El Paso carnage shows need to limit gun rights
The proponents of enabling Americans to possess what are known as AK-47 or AR-15 firearms, and the high-capacity ammunition they can accommodate, are not deterred by the horrific damage these weapons of mass destruction can inflict.
They have seen the news photos and videos of adults and children shot dead or wounded in public.
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Yet despite the phenomenon of mass shootings in the United States, they maintain that the Constitution's Second Amendment — which calls for a "well-regulated militia" — permits the poorly regulated possession of weapons with lethal potency that could not be envisioned in the 18th century.
As staunch defenders of the First Amendment, we treasure free speech. But as Justice Oliver Wendell Holmes argued, in 1919, free-speech rights do not automatically protect someone when words present a clear, present danger. Thus, his famous warning against "falsely shouting fire in a theater and causing a panic."
The legal application in the Schenk case and the modern relevance of that phrase remain debated by legal scholars.
But the philosophy of the argument, when prudently applied, is relevant today.
The latest mass shootings — in El Paso, Texas and Dayton, Ohio — provide further evidence of a clear, present danger that justifies state and federal actions to dramatically limit possession of military-style weapons and high-capacity ammunition. That has been our position.
For those willing to contemplate the danger posed by these weapons and the people who use them to massacre innocents, and act accordingly, consider excerpts from an article by Gina Kolata of The New York Times about the havoc in El Paso and its hospital certified in trauma care:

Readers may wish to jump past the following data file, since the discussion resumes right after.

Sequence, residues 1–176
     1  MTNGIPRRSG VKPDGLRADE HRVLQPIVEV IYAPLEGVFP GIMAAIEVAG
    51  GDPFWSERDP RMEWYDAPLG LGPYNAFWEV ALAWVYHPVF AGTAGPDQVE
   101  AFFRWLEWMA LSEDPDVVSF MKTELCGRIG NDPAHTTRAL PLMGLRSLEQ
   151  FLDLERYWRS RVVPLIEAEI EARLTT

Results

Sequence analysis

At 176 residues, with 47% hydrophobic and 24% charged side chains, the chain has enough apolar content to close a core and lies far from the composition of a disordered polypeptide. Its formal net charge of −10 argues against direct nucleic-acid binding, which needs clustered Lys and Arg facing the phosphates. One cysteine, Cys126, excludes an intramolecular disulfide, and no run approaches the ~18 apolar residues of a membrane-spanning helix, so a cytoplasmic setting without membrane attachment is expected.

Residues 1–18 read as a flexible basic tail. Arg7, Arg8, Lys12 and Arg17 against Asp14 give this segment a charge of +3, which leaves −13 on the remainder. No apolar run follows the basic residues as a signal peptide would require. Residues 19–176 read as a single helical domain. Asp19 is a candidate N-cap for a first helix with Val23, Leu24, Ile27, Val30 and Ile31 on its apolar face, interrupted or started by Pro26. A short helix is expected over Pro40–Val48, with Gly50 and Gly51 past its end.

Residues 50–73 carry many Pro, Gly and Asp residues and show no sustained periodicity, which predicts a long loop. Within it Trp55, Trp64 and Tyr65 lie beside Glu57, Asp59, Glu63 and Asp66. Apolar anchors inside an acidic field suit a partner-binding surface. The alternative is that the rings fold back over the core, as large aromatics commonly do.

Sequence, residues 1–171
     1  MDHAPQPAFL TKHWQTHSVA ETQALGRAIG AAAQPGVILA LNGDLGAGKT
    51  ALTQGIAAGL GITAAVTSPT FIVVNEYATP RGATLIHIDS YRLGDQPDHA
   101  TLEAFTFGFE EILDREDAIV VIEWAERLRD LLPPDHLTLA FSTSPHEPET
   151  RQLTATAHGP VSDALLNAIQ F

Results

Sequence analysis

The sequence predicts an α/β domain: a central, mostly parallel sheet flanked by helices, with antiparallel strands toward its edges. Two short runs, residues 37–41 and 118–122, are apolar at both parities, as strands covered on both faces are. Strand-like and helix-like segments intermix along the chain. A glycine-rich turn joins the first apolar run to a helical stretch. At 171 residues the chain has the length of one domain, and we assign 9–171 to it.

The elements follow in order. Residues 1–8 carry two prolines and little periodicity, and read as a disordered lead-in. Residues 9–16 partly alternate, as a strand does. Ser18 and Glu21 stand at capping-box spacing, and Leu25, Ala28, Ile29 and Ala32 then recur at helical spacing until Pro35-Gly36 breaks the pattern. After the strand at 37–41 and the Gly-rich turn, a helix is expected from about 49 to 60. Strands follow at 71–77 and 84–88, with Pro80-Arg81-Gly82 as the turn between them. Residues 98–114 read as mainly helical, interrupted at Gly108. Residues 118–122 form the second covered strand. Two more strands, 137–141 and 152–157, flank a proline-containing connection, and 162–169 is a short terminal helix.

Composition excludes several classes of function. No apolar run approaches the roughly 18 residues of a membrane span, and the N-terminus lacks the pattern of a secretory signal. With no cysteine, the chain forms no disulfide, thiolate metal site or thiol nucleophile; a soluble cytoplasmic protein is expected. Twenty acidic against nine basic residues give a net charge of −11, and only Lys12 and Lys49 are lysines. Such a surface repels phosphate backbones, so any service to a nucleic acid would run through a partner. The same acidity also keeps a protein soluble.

"The woman, grievously wounded in the mass shooting at a Walmart, lay on an operating table at the University Medical Center of El Paso as the chief of surgery, Dr. Alan Tyroch, turned her to clean the exit wounds. ... She had two gaping holes the size of a man’s fist in her side and a third the size of a silver dollar where bullets had burst from her body. Those bullets had also shredded her intestine. Dr. Tyroch hooked her up to a colostomy bag and a feeding tube. And he reached into another wound to pull out a bullet lodged in her shinbone. ...
"Some of the patients rushed to the hospital needed more than one operation, like the woman treated by Dr. Tyroch. On Saturday, surgeons had quickly opened her abdomen, cleaned out feces and blood, and sent her, with a temporary patch over her open abdomen, to intensive care, heavily sedated and on a ventilator. They had to work fast, clearing the operating room to make way for other victims. Then on Sunday, Dr. Tyroch spent three hours operating on her, repairing the damage as best he could."
"Dr. Tyroch had seen wounds from military-style weapons before, but he had never seen anything like the number of victims that showed up at his hospital on Saturday — 14 in all, most shot more than once."
That's what happens when weapons meant for warfare are on the streets of America.
By the Herald-Tribune Editorial Board